Impact of rare diseases greater than previously estimated
The number of rare diseases worldwide is greater than the previously estimated 7000 figure, according to Global Genes’ NEXT 2022: Redefining the Possible report. Research conducted by RARE-X, a Global Rare Disease Data Platform concluded there are as many as 10,869 rare diseases globally.
“Looked at collectively—and in particular with the new knowledge that the true number of rare conditions has been significantly undercounted—rare diseases represent a major area of unmet need and, as we move beyond the pandemic, should become more of a global health priority,” said Craig Martin, CEO of Global Genes in a press release. “The NEXT Report also reinforces that rare diseases are becoming an exciting proving ground for promising biotechnologies, such as gene therapy, gene editing, and other regenerative medicine approaches—and a place where new models for collaborative data-sharing and drug development may lead to more productive and efficient pathways to advance therapies to patients.”
A report published earlier this month in the Journal of Rare Diseases also found that the economic burden for rare conditions is as much as 5x times higher than the cost for people without rare diseases.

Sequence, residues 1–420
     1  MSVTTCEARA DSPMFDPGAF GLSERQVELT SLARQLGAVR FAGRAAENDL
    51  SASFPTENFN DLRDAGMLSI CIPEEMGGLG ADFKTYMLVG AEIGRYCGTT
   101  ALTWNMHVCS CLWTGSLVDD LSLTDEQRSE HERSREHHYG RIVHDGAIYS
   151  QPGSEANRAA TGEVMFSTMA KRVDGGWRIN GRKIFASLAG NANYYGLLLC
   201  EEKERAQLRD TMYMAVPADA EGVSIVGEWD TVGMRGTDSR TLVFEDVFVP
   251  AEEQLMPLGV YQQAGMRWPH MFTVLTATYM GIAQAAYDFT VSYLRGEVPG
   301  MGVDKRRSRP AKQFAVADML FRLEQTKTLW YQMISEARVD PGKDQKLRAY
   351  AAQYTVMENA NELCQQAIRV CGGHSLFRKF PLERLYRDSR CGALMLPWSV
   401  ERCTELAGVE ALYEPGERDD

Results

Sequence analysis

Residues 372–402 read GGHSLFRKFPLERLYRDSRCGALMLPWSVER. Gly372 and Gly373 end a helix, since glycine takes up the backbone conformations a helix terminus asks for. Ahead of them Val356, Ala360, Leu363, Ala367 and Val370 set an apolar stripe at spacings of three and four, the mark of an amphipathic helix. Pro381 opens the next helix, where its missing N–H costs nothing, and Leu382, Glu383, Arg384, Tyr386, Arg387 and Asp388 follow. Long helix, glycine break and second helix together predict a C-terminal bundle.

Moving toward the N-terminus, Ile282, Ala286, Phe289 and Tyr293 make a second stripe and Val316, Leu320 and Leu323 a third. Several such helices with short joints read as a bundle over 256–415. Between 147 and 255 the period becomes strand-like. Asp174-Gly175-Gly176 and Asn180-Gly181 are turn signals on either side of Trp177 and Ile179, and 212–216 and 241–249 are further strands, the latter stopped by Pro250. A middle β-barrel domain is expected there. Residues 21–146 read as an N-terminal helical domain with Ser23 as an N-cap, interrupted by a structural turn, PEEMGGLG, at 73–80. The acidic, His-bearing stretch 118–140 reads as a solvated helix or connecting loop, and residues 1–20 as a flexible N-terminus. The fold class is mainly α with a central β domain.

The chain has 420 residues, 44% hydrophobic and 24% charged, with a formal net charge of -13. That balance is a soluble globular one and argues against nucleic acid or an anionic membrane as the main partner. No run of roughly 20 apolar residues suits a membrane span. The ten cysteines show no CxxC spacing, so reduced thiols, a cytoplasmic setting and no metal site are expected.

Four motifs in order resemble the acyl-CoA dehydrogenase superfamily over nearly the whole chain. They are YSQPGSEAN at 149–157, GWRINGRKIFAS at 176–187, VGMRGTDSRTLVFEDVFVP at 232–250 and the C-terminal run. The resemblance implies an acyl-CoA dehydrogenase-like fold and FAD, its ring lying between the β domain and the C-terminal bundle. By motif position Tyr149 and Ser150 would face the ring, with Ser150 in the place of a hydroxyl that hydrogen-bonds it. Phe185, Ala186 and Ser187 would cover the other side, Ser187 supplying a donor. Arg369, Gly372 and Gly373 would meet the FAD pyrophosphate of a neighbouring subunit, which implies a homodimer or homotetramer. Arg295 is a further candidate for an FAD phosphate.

Although the burden of rare diseases is greater than previously estimated, advances in drug development and treatments have been substantial. In 2021, there was a 28% increase year-over-year in funding for rare disease drug development, which according to the report, outpaced most biotech and health segments. The FDA’s accelerated assessment program has also helped many new drugs gain approval on an accelerated schedule. From 2015 to 2020, 84% of drugs approved under the program had orphan designations.
The report also highlighted the importance patient organizations have in creating “frameworks for rare disease health access to address inequities and gaps” as well as their role in drug development and research. In a recent article for Rare Disease 360, Roberta Smith, Alagille Syndrome Alliance President, underscored the importance of advocacy work in the rare disease space.
“Rare Disease advocacy led by patient groups, communities, individuals, and families has led to remarkable outcomes like new treatments and therapies, new laws and policies that make living with a rare disease easier, improved medical care, advanced science and research, and much more,” she said. “Individuals, families, and caretakers have an extraordinary perspective that pharma, biotech, medical professionals, lawmakers, and scientists and researchers are hungry for. “